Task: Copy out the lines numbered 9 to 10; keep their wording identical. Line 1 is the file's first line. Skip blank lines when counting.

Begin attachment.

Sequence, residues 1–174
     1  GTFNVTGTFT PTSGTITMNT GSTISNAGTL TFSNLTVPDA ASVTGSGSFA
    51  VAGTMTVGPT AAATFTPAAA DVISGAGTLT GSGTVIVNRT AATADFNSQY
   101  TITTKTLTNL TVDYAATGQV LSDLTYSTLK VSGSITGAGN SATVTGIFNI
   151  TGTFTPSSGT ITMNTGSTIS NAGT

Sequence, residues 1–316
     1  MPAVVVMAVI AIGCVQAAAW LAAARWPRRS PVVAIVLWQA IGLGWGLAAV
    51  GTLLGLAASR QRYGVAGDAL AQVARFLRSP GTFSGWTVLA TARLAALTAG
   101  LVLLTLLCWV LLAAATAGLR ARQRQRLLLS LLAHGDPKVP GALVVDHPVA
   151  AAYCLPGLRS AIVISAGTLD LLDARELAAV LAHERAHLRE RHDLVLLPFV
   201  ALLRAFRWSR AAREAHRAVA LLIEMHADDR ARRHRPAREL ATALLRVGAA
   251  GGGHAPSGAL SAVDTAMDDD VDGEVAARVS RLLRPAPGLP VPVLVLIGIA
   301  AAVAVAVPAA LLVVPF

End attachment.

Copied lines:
   101  LVLLTLLCWV LLAAATAGLR ARQRQRLLLS LLAHGDPKVP GALVVDHPVA
   151  AAYCLPGLRS AIVISAGTLD LLDARELAAV LAHERAHLRE RHDLVLLPFV